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SPR/PPL is a collaborative partnership between the extremely gifted Andy Irwin & Luke Byrne. Recently they rented some space in a warehouse and when Ben Trovato got in touch a couple of months ago they decided that this exclusive would be a good chance to set up in there and take a break from shooting on location.

What inspired you to do this specific shoot? Can you enlighten us how that came together in this way?
" -We had a loose idea of the vibe we wanted (which first came from a couple of video covers we had lying around I think), and we were interested in the idea of approaching a fashion piece with a look and feel we’d usually more associate with our work on cover art and music projects. From there it was just about doing as many different things as we could with that vibe and what we had lying around at our disposal in the studio. The shoot itself was a pretty organic process, we had a few hours to do it and just a couple of the specific shots in mind to begin with - it all just kind of rolled from there."

What equipment do you use?
" -We’re always jumping between film and digital - it usually just depends on the project. Like most we prefer the look and feel of film, but the convenience of digital of course comes in pretty handy when working to tight deadlines - so it usually end’s up film for personal work and digital for commercial stuff. Even when we’re shooting digital, like in this case, our aim in post is to try and bridge the gap with a more filmic aesthetic as much as we can. In terms of visual effects, wherever possible we like to try to work in-camera and in front of the lens. Most of the time it’s a bit of a mixed approach, I guess we use a bit of everything. Lights, props, lens effect filters, software we just try and look them all as tools to help us make the pictures we want to make."

We notice recent work in both music photography and some more fashion inspired, what are your future plans?
" -More music stuff. More fashion stuff. More everything. More anything. Right now we’re working on a new music video for long-time pals Wolf & Cub, a couple more fashion stories and editorial assignments, and a personal art project we’ve been trying to get off the ground forever. After that who knows what’s next."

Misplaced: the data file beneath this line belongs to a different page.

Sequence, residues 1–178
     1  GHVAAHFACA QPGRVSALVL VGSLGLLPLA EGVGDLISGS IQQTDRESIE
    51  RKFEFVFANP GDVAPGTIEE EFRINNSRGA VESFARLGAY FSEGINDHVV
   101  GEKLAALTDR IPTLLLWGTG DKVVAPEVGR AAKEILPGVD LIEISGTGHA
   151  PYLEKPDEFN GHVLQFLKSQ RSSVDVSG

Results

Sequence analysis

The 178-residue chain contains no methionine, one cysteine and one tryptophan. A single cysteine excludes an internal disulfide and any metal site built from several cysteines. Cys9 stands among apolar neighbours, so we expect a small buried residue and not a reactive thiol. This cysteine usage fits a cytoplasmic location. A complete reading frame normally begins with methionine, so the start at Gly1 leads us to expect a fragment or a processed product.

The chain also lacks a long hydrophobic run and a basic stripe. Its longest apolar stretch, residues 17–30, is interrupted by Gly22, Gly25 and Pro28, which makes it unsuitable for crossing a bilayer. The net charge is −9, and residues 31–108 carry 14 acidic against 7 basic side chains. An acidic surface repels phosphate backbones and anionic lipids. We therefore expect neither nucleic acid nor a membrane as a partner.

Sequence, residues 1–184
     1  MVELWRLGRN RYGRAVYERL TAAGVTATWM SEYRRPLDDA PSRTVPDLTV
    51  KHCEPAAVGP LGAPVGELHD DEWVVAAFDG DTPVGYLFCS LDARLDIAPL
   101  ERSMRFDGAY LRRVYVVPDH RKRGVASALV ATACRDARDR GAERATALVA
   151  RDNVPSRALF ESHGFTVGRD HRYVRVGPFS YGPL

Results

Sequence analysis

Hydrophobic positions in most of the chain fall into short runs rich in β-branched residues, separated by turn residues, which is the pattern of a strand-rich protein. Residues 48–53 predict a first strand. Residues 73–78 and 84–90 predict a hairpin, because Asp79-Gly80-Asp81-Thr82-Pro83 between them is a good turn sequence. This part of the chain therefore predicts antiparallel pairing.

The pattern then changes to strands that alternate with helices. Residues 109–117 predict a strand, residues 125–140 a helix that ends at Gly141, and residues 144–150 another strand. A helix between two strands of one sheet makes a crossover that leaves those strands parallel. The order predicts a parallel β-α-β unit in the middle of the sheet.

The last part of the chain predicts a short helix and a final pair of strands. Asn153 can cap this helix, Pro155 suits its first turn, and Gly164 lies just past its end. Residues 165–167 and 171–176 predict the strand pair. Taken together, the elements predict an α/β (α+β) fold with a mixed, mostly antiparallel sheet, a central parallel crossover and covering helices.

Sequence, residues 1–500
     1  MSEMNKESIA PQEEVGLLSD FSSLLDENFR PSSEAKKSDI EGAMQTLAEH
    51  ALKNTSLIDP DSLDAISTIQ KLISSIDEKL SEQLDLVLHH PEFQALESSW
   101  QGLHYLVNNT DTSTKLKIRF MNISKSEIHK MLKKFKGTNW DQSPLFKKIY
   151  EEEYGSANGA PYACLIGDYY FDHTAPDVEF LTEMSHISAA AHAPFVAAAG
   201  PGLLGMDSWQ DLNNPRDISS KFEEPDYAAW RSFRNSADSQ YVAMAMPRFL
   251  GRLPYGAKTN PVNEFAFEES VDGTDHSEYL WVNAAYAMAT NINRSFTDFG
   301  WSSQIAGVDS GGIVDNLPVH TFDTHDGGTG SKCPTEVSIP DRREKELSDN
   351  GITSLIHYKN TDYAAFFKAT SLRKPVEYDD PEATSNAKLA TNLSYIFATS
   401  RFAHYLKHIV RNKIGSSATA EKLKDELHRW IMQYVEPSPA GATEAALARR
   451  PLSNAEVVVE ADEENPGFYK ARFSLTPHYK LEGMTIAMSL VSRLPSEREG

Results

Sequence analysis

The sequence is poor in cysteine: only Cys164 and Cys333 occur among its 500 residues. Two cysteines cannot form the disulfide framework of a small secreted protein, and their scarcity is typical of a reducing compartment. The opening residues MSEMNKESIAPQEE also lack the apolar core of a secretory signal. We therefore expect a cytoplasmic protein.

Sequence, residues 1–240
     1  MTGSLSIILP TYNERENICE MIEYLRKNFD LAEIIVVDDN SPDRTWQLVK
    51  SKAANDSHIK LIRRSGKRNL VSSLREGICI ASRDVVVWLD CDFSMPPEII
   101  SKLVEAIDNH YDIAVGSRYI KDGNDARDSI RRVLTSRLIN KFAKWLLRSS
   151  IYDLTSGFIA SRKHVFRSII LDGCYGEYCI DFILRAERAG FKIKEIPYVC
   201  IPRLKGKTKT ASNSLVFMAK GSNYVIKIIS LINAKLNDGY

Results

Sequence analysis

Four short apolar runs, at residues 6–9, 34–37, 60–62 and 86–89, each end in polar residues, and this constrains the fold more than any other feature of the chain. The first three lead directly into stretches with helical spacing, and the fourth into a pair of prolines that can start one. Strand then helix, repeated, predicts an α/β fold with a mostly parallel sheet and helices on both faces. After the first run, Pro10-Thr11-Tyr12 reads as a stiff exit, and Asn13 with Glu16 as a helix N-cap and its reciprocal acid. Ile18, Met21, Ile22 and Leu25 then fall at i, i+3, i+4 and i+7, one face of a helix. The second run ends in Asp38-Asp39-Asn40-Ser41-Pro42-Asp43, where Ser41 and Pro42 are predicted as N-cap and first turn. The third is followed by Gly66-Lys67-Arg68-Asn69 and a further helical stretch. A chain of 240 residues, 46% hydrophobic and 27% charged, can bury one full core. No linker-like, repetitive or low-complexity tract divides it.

Art Direction & Photography – SPR/PPL
Model – Kaila Hart @ Chic Management
Styling – Elle Packham
Hair & Make Up – Vanessa Collins
Fashion Credits – Arnsdorf, Friend of Mine, IRO, Just Cavalli, Karla Spetic, Magdalena Velevska

Full story inside post.

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If you own an iDevice and have any interest in game development, then you should probably go get this game right away. In Game Dev Story you play as an owner of a startup company, just about to get your feet wet in the risky business of game development. The adventure begins with your secretary advising you to add a couple of designers, artists and coders to the payroll, then assigning them to a game project where the genre, budget and targeted platform will all be decided by you.

Once the initial meeting is over, the team begins to work on the game for the next couple of months, each member contributing a variable number of points to four important game element stats (creativity, fun, graphics and sound) over the entire course of the project. These points will determine how well your game is received by the press and your fans, but you can also spend more on advertising to hide the shortcomings of your newest title and push up the sales numbers considerably.

The main campaign of Game Dev Story runs over a period of twenty years and spanning the releases of several popular consoles (with slightly different names to avoid copyright issues), although you can continue playing after that for as long as you want and churning out one bestseller title after another. You'll see parodies of nearly every single console from the early 80's until today, including the slightly obscure ones like the PC Engine and Game Gear being available as a platform for you to develop on.

If making money isn't your thing, there is the annual game show award which honors the best games of the year as well. Besides the usual prize money being given out to the winners, the reputation of your game studio also increases whenever a trophy is presented to you for your achievements, so it is a worthwhile cause to chase after if you want the fans to be on the lookout for any of your upcoming games in the near future.

Game Dev Story is available from the App Store for $3.99.

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Remember last week when I said coding was just writing?

I was wrong. As one commenter noted, it's even simpler than that.

[This] reminds me of a true "Dilbert moment" a few years ago, when my (obviously non-technical) boss commented that he never understood why it took months to develop software. "After all", he said, "it's just typing."